Every blade of grass has a story to tell.
— Darshan, “Animate My Anatomy”
Poverty is the secret weapon of the writer.
I’m not saying that being poor is a good thing, because it’s not. It sucks. (And I realize that I just contradicted the wisdom of Fiddler on the Roof, which is only slightly more sacrilegious than doubting the authenticity of the Bible. It’s okay. Let’s keep going.) And I’m not saying that you shouldn’t get paid well from your writing — thank G-d, there are ways to do it.
I’m saying, have a job that isn’t writing — at least, that isn’t writing what you deeply and passionately want to write, that comes straight out of your heart and keeps all that passion and fire and rawness and fragility intact.
Because if that’s what you want to write, it’s a good thing to tell yourself, I’m not doing this to make money.
And keep repeating it to yourself.
Repeat it when you don’t believe in yourself.
Repeat it when you don’t believe in your characters, and so instead of making decisions you open yourself up to them and let them take the story in whatever crazy way it wants to go.
Repeat it when you don’t even know what the characters want, so you kill one of them in a freak thunderstorm. (It’s ok! Do it! If your brain is telling you to — and this is in writing, not in real life, mind you — then there might be a reason. You can come back later, after you’re finished writing, and figure out the reason, and what it Means for the Rest of the Story. Or you’ll realize that maybe you needed to keep her alive for the rest of the story. Don’t worry! By that point, you’re already at the end, and you have a complete story written, so you can pretty much do whatever you want.) (Also, if you’re curious about where I got this idea from, skip to the end of this essay.)
Repeat it when there’s one really obvious way you could take this story — it’s your first day of school, you’re so nervous you don’t know what to do, you’re gonna get beat up and teased and eventually win the science fair, but really you just want to write about the cookies you stopped to grab at your grandma’s house on the way home.
There’s a power to writing that comes from its powerlessness. Even more so with poetry. Nobody reads anything these days, and especially nobody reads fictional stories or poems, so you don’t have to feel bound by them. You never have to be the poet who only writes rhymed poems about storms and pain — that is, unless you really want to be; the only one holding you there is you. Today it’s not raining and you’re the only person who caught sight of a rainbow before it disappeared. Why not write about that? Go for it. Nobody’s looking. And even if they are — well, hey, then you’ve got a reader.
We’re surrounded by stories. Literally — they’re everywhere. At one point, I remember asking David Levithan — my editor at Scholastic, who edits a crazy number of books and puts out one or two of his own every year — if he’s ever afraid of running out of ideas for stories. He said, I’m more afraid of having so many ideas for stories that some of the best ones fall through the cracks.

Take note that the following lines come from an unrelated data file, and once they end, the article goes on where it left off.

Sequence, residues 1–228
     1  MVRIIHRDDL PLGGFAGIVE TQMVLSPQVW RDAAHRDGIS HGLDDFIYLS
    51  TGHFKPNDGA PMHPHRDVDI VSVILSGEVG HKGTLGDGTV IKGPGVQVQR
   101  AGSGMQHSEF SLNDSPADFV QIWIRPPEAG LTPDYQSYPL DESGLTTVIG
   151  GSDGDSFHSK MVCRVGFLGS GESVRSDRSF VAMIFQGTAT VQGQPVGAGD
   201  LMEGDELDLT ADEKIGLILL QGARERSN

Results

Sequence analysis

Every idea can make a good story. Just honor it and let it do its thing.
At what point in the writing process do you involve an agent or a publisher? Do you let them know as soon as you have a good idea, and get their… go-ahead? Their blessing? I don’t know what you’d call it. Or do you attempt to write a full, complete draft of whatever it is and then start shopping it around?
Okay, fine. Let’s talk publishing. EVEN THOUGH I just spent the past 400 words or so telling you why you shouldn’t think about that.
I’m going to first paraphrase Joshua Henkin, my writing professor, and say: as late as humanly possible. There’s a saying about too many cooks in the kitchen, and for most forms of storytelling, the exact number of “too many cooks” is 2.
It’s great to meet an agent or an editor. It’s double great if you want to show them what you’re working on, and it’s super double great if they actually ask and you offer. The thing to remember is: You’re still working on it. The sooner you show an agent, the sooner you open yourself up to them saying something like, “Hey, you know how you’re mostly writing a historical novel about the Second Temple, but with aliens? Maybe you want to lose the aliens.” And even if you say no, you’ve opened yourself up to the possibility that doing a story about the Bayis Sheni with aliens might not be the coolest thing ever. (Side note: this example might be the coolest thing ever. Can someone please write it?)
But: Doubt. In one word, doubt is why you shouldn’t show your story to publishers, or agents, or anyone except for helpful and supportive friends — and even if you do that, make them swear up and down, no bli neder involved, you DEMAND the neder, that they won’t say anything critical — until your story is finished, and edited, and you’d feel comfortable having it published exactly the way it looks at this moment.
As a side note, the literary industry is in a perpetual time- and money crunch, and editors and agents are looking more and more frequently to take manuscripts that require the bare minimum of editing. The more you can make it sound like a finished book — the closer it is to a finished book — the more likely they are to take it seriously.
Where did you get the idea for the freak thunderstorm?
Lolita. Which I never wanted to read, because the idea was gross, then needed to read, because Vladmir Nabokov basically taught himself English so he could do his own translations, and is one of the best writers this language has. It’s in the first few pages, and known as the shortest death in literature: “‘My very photogenic mother died in a freak accident (picnic, lightning) when I was three.”